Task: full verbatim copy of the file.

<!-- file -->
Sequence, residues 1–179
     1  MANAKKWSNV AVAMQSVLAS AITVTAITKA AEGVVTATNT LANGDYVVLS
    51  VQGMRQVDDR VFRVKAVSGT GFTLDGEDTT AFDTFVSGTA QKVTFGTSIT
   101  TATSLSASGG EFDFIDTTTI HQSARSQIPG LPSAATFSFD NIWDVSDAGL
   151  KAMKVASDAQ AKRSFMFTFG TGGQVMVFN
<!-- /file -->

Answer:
Sequence, residues 1–179
     1  MANAKKWSNV AVAMQSVLAS AITVTAITKA AEGVVTATNT LANGDYVVLS
    51  VQGMRQVDDR VFRVKAVSGT GFTLDGEDTT AFDTFVSGTA QKVTFGTSIT
   101  TATSLSASGG EFDFIDTTTI HQSARSQIPG LPSAATFSFD NIWDVSDAGL
   151  KAMKVASDAQ AKRSFMFTFG TGGQVMVFN